March 14, 2013, 6:06 am
New Data to Consider in D.N.R. Decisions
Every year in the United States, about 100,000 hospital patients age 65 and older experience what is known in medical parlance as Code Blue. Their hearts stop, and a medical team is summoned to administer cardiopulmonary resuscitation.
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Depending on the underlying medical problem, some patients will receive an electrical shock to the heart with a defibrillator; others will receive medications meant to restore circulation.
Survival from these catastrophic medical events isn’t the norm; only 18 to 20 percent of older patients in hospitals who suffer cardiac arrest end up leaving the hospital alive. But that is an improvement from years past, when survival rates were even more abysmal .
What has not been clear is what happened to older hospital patients who left the hospital after a cardiac arrest. Now a new study in The New England Journal of Medicine of 6,972 elderly people who survived in-hospital cardiac arrests between 2000 and 2008 gives some answers.
A year after exiting the hospital, 58.5 percent of these older patients were still alive. Of this group, 48 percent had little or no neurological impairment, while 52 percent had moderate or severe neurological damage. Forty percent of older patients who survived CPR returned to life at home; the remaining 60 percent went to nursing homes, rehabilitation facilities or hospices.
The chance of recovering from cardiac arrest declined with age, but even in the oldest of the old — those 85 and older — almost half survived one year after being released from the hospital. Women were more likely to reach the one-year mark than men, for unknown reasons, and black patients were less likely to do so than white patients, perhaps because of poorer follow-up care.
About two-thirds of older patients who survived cardiac arrest ended up readmitted to a hospital within one year — an indication of some level of continuing medical difficulties.
What to make of this data? Certainly, it’s sobering. Cardiac arrest in hospital settings is more often than not a killer, and even when people make it through these medical crises the prospect of brain damage is significant.
But the lead author of the study, Dr. Paul Chan, a cardiologist at the Mid America Heart Institute , part of St. Luke’s Health System in Kansas City, sees reason for hope.
“If you make it out alive, you have a significant chance of being alive one year later,” he said. “We shouldn’t hold a nihilistic attitude toward resuscitating the elderly, given these results.”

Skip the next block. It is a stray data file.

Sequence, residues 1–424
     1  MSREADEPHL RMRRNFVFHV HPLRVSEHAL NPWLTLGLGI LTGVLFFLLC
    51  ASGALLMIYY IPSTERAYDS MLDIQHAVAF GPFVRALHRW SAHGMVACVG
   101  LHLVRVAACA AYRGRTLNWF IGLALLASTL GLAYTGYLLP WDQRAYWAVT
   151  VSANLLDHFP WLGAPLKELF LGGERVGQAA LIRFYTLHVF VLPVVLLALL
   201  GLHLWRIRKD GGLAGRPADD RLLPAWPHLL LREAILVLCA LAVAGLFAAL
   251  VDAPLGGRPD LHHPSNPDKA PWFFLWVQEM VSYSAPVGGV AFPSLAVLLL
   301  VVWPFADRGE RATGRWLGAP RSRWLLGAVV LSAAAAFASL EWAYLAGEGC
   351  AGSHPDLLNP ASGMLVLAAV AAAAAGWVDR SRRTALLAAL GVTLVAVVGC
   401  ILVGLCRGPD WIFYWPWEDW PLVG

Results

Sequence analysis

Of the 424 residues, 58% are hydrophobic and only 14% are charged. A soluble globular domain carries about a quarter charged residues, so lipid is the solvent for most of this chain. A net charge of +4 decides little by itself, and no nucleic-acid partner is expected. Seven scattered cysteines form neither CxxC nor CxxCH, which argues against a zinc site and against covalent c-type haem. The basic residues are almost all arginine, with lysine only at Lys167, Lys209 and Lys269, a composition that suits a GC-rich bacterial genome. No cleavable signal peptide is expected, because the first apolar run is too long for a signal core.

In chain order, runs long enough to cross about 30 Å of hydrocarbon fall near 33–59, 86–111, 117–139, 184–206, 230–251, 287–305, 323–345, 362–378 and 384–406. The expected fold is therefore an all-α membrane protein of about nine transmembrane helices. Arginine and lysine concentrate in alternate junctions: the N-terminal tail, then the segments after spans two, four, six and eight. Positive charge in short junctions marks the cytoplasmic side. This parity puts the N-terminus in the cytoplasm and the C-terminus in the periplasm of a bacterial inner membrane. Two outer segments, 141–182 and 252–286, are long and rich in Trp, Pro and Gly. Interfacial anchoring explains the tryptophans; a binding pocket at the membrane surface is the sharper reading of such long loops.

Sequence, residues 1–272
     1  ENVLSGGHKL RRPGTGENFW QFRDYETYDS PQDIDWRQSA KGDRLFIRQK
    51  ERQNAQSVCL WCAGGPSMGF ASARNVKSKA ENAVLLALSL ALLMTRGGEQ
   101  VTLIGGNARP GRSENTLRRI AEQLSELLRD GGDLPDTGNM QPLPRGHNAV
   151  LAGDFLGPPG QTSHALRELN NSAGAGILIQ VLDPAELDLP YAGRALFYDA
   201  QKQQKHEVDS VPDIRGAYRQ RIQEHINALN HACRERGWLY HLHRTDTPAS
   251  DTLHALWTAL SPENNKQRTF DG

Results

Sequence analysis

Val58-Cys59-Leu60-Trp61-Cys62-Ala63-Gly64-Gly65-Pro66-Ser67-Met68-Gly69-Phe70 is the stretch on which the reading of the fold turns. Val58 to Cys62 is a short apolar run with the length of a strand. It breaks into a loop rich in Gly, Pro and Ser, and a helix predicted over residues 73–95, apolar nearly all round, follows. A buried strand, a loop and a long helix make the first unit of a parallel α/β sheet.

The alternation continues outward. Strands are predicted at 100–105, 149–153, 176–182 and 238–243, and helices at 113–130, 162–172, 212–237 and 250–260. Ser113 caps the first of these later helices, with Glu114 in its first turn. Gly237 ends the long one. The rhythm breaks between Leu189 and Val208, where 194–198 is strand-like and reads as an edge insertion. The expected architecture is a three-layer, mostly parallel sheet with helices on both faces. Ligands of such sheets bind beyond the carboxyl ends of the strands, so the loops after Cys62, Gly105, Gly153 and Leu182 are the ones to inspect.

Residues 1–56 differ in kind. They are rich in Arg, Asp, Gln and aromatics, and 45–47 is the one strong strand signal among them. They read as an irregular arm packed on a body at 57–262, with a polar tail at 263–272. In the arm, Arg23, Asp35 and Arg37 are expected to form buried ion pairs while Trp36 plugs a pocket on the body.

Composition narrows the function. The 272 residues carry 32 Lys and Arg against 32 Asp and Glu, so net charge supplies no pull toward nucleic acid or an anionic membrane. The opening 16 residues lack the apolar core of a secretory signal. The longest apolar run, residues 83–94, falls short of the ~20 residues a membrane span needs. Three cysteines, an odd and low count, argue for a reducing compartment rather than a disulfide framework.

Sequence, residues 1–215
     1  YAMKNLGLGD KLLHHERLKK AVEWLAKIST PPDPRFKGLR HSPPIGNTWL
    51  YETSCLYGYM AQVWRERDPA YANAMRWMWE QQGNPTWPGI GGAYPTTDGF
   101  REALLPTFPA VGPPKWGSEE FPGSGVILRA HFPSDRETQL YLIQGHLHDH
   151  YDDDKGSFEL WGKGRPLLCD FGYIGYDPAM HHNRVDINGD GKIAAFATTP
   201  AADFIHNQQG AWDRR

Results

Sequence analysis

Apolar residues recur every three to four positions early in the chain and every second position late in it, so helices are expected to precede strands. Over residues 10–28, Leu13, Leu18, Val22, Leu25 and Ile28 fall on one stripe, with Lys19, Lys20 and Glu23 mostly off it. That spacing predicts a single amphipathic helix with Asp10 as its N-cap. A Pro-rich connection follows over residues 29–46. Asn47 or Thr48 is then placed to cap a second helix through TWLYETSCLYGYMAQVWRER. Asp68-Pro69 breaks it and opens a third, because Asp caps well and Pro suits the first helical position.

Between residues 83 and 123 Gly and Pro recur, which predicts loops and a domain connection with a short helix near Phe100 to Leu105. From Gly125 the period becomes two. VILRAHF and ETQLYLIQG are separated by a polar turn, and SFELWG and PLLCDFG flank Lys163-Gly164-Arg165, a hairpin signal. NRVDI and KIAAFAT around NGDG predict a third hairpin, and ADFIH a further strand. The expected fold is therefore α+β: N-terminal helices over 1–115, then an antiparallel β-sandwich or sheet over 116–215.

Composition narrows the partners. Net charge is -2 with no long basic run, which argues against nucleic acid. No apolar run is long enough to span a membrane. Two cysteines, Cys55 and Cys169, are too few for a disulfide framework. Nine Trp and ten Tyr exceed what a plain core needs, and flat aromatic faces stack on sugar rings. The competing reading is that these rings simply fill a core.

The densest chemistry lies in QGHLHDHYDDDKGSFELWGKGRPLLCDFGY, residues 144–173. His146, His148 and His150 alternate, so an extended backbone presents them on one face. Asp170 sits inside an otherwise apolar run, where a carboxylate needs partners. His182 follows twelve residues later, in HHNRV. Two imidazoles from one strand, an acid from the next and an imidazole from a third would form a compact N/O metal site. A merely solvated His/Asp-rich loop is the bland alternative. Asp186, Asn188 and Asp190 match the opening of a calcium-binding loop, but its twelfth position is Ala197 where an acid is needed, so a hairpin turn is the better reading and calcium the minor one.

Dr. Benjamin Abella, clinical research director of the Center for Resuscitation Science at the University of Pennsylvania Perelman School of Medicine, is also optimistic about the findings. Improvements in resuscitation done in hospitals “have changed outcomes significantly, including among elderly patients,” he said.
Among those improvements are quicker response times to cardiac arrest, advances in performing CPR and, perhaps most important, the growing use of therapeutic hypothermia to reduce brain swelling and inflammation and lessen the potential for cognitive harm. This intervention calls for lowering a patient’s body temperature to a target range of 90 to 93 degrees for 24 hours.
(Survival rates for older adults struck by cardiac arrest outside of hospitals are significantly poorer because expert medical help is not readily at hand and potentially helpful interventions are delayed.)
A cautionary note regarding the new study is in order. Because of the kind of data used, Dr. Chan and his research colleagues were not able to evaluate the health of older patients who survived in-hospital cardiac arrests and quantify how much deterioration occurred after those events. To those who care about the quality of life, not merely its length, this is an important consideration.
Older people and their families may want to use findings from this report in discussions about end-of-life care and preparing advance directives, which can include “do not resuscitate” orders.
“I think physicians should discuss these results with patients and ask what their wishes are should their hearts stop,” Dr. Chan said. Unfortunately, there is no research on how elderly survivors of cardiac arrest rate their quality of life and whether they would choose resuscitation again if they had the opportunity, he noted.
“One of the most important questions to ask is, what is the older person’s current level of functional ability and cognitive status,” Dr. Abella said, observing that “elderly patients with good precardiac arrest function tend to do much better.”
“If an older patient is cognitively intact and in reasonably good health, he or she might want to consider allowing resuscitative care,” Dr. Abella said. “But ultimately, this is a very personal, individualized decision.”
New Data to Consider in D.N.R. Decisions